Dilatometry is a method for characterizing dimensional changes of a material as a function of temperature. The measurement may be performed across a temperature range (e.g. from 800° to 1600°C), or a specific controlled temperature program to mimic industrial processes, firing regimes, or a material’s operating environment. The coefficient of thermal expansion is defined as the degree of expansion divided by the change in temperature.
A precise understanding of thermal expansion behaviour provides crucial insight into firing processes, the influence of additives, reaction kinetics and other important aspects of how materials respond to environmental changes. Typical applications include: the determination of the coefficient of thermal expansion, annealing studies, determination of glass transition point, softening point, densification, kinetics and sintering studies.
TAL offers dilatometry measurement services using our inhouse developed Ctherm Dil system. A sample is placed inside a retractable, tubular furnace. A spring-loaded pushrod is positioned against the sample. The opposite end of the pushrod is connected to a linear variable displacement transducer (LVDT). The dimensional change of the sample resulting from the controlled temperature program is measured as the pushrod physically transmits the length change to the LVDT. The displacement is recorded in relation to the temperature recorded with a thermocouple located next to the sample. A calibration or correction curve is applied in compensating for the expansion of the sample holder and pushrod. We offer analysis of materials from room temperature to 1600 °C and under inert, oxidizing or ambient atmospheres.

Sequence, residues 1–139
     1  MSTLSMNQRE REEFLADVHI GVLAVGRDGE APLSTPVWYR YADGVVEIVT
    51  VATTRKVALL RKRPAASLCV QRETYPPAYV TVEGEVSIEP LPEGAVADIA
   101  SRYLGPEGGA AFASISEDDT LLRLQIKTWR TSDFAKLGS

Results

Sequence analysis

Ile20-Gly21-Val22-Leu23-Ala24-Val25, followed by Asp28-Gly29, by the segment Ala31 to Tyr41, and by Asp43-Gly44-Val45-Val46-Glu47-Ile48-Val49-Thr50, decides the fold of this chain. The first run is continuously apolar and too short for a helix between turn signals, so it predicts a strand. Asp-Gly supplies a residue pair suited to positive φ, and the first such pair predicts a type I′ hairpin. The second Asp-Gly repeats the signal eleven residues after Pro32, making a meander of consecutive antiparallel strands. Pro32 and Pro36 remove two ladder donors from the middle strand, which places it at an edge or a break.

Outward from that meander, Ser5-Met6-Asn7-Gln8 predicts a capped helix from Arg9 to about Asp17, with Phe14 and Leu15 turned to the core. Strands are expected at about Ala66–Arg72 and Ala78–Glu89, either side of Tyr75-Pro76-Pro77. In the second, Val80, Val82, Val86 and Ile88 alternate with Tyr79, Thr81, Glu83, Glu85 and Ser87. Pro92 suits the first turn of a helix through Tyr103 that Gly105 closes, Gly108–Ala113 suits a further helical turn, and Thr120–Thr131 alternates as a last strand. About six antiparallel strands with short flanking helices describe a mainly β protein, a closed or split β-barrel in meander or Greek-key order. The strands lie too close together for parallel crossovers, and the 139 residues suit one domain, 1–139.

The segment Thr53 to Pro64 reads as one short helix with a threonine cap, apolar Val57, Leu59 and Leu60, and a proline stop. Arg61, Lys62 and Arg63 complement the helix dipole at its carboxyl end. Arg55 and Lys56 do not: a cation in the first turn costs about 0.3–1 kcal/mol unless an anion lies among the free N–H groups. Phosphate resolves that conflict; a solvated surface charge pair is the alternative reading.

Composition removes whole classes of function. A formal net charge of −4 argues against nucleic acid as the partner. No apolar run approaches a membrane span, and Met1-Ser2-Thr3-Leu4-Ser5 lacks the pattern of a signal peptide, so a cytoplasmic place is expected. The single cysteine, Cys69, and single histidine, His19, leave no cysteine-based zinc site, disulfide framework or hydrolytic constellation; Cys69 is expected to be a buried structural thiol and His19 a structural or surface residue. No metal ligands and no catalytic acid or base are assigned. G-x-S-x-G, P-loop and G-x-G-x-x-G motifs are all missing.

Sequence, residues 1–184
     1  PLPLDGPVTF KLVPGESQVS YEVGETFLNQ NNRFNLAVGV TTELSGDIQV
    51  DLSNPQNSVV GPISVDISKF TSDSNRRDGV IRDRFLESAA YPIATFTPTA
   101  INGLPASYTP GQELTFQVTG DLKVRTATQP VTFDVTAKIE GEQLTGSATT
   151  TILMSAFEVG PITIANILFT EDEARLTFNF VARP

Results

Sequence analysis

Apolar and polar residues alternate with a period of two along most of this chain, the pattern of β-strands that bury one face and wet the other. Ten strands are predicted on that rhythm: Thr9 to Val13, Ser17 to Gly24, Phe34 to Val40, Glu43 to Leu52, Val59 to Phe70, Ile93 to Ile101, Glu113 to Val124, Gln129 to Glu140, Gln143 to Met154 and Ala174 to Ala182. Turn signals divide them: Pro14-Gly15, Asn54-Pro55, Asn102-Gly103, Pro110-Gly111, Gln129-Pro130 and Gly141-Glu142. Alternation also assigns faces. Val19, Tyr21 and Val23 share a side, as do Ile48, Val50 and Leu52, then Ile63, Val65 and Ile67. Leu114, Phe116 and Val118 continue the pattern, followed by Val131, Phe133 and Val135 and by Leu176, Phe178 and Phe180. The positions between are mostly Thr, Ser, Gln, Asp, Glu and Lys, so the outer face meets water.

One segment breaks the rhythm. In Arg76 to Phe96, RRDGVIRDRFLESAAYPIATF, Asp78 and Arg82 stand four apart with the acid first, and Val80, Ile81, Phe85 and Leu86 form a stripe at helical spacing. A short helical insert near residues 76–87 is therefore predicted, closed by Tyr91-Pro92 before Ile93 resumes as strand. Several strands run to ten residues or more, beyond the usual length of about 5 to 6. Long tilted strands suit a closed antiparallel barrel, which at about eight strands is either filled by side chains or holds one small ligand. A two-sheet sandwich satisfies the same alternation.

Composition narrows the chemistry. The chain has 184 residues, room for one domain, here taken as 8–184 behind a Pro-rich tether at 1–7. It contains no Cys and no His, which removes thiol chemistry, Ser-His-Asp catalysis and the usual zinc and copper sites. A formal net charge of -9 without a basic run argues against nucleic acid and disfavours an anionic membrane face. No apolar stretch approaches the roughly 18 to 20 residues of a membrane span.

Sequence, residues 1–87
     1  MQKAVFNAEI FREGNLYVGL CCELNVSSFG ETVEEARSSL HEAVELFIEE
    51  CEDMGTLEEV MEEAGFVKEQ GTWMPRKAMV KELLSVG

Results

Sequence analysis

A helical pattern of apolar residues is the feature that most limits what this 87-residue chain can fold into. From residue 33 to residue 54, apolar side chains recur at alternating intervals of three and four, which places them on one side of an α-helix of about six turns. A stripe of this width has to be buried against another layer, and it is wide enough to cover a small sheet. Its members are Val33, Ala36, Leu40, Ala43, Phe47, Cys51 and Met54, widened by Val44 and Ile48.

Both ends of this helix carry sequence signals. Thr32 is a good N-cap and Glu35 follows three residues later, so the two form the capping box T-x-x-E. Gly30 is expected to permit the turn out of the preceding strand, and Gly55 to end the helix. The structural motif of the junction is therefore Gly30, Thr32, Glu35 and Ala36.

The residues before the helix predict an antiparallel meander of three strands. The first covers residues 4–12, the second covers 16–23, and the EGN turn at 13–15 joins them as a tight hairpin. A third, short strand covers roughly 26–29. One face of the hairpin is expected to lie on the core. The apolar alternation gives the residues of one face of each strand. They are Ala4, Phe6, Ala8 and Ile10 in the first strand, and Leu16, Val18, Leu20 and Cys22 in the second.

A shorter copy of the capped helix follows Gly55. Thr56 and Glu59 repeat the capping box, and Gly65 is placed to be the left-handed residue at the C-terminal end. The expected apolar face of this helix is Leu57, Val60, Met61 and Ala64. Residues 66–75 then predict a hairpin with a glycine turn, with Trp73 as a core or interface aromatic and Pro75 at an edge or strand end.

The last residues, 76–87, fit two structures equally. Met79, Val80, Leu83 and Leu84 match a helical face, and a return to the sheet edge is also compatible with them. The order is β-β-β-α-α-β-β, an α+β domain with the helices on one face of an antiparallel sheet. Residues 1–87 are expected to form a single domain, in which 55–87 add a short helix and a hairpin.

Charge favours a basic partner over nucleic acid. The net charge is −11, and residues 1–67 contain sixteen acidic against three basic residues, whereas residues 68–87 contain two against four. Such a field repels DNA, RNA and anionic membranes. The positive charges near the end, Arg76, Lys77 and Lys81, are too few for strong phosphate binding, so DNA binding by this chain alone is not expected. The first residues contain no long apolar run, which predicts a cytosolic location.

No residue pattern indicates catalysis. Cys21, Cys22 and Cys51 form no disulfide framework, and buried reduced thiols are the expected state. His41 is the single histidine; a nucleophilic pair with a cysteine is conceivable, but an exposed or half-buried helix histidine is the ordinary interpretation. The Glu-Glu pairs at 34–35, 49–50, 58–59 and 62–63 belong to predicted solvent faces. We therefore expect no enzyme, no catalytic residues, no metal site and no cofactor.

Confines of Analysis
|Temperature range||Ambient – 1600 °C|
|Temperature resolution||0.1 °C|
|Ramping rate||0.01 – 50 °C|
|Max displacement||4 mm|
|Length change resolution||1.25 nm/digit|
|Atmosphere of analysis||Air, Vacuum, Argon, Nitrogen, Oxidizing, Static & Dynamic|
- ASTM E228
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Dilatometry & Thermal Expansion (CTE)
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